An Iranian oil tanker collides with a Chinese freighter and sinks after a week. The environmental damage is catastrophic.
The "Sanchi" burned for a week before it sank Photo: ap
The "Sanchi" burned for almost a week. On Sunday, the Iranian oil tanker sank in the East China Sea. Probably none of the 32-member crew survived. Contrary to assurances of the Chinese authorities, the U.S. oceanologist Richard Steiner fears a worse environmental catastrophe than almost 29 years ago with the accident of the "Exxon Valdez" off the coast of Alaska.
The tanker had collided with a Chinese freighter on January 7 for reasons that remain unexplained. While the crew of the freighter survived, all 32 crew members of the tanker most likely died. Only two bodies have been recovered. 30 of them came from Iran, two from Bangladesh. On board the tanker: 136,000 tons of oil condensate and around 1,000 tons of particularly toxic heavy oil.
The Sanchi had been burning for days. Time and again, there were serious explosions on board. Steiner, who has investigated many oil disasters for the environmental protection organization Oasis Earth, suspects that none of the fuel tankers is still leak-proof.
Even if only 20 percent of the cargo spilled, that would be equivalent to the amount of crude oil that spilled when the oil tanker "Exxon Valdez" ran aground off the coast of Alaska in 1989, Steiner told AFP. The accident triggered one of the largest maritime environmental disasters to that time. Some 37,000 tons of crude oil spilled, damaging the fragile ecosystem. More than 2,000 kilometers of coastline were contaminated.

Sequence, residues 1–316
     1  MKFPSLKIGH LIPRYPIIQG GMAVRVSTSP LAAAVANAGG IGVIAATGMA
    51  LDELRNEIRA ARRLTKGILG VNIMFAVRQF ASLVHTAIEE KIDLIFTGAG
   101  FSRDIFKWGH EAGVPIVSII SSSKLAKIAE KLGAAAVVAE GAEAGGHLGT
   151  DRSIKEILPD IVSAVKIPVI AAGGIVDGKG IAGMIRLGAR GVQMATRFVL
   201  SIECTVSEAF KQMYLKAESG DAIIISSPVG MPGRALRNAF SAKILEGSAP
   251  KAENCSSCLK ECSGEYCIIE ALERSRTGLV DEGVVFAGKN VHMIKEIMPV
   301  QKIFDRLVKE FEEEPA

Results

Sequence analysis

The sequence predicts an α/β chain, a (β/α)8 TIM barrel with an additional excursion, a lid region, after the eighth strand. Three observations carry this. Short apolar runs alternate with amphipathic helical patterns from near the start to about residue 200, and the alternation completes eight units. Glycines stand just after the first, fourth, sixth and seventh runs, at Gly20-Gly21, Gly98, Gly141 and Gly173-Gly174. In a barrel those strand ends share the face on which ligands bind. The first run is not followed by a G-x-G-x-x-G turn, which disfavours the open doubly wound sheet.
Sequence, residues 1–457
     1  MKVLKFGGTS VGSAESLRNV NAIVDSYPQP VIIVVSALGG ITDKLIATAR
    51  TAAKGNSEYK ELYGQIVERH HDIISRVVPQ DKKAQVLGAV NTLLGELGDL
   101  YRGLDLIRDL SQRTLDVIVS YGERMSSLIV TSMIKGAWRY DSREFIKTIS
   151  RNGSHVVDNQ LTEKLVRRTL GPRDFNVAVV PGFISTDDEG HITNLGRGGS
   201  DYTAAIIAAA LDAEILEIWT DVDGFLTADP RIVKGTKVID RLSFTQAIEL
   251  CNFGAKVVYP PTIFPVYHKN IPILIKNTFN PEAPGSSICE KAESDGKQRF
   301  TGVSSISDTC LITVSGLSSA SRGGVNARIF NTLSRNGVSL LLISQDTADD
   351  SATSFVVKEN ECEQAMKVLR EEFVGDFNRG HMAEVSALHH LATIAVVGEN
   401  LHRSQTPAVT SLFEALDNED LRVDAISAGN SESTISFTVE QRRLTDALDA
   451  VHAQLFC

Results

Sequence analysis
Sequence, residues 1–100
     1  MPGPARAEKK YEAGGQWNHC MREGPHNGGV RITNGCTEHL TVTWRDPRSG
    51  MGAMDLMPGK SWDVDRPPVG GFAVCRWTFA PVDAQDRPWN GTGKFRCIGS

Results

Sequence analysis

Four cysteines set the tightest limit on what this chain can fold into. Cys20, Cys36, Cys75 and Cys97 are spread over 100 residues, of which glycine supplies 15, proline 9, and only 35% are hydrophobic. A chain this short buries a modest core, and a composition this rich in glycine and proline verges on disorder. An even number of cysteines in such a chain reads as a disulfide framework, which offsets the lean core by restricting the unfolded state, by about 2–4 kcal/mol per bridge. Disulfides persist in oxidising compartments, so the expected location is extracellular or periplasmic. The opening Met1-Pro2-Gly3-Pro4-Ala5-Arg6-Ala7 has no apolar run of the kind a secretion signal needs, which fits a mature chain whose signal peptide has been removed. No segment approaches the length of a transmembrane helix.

China authorities appease
The Chinese authorities had feared an oil spill after the Sanchi accident. But now they have given the all-clear and affirmed that the environmental impact is limited. According to the Chinese state media, there is indeed an oil slick. It is about 18 kilometers long and 8 kilometers wide. But the light oil has "less impact on the sea," a representative of the China Maritime Administration assured state broadcaster CCTV. He added that the impact on humans was low because the tanker sank far from the coast.
But now prominent environmental activist Ma Jun is also warning of a disaster. The fact that the ship sank before the oil cargo could burn completely was the "worst thing that could happen after the accident," Ma told the state-run newspaper Global Times. Oil condensate is "particularly toxic to marine life." The fact that no large oil slick has formed on the ocean surface is due to this particular oil. Oil condensate, however, forms a toxic column of hydrocarbons underwater that is life-threatening to fish and other animals in the sea, which are then consumed by seabirds and humans. Fish eggs and larvae are also exposed to the toxic components, he said.
Stephan Lutter, marine conservation expert at WWF Germany, points out that the site where the "Sanchi" sank is a shallow sea with tidal flats and is considered "particularly vulnerable." Condensate leaking from the sunken tanker is toxic to marine mammals, fish, turtles and seabirds, he said. "An environmental disaster is unfolding before our eyes," Lutter says.
Oceanologist Steiner warns that even the spilled oil will have an impact on the environment months later. Since no one is likely to investigate the environmental consequences, he says, the government and ship owners can be expected to get away with claiming that the damage is only limited.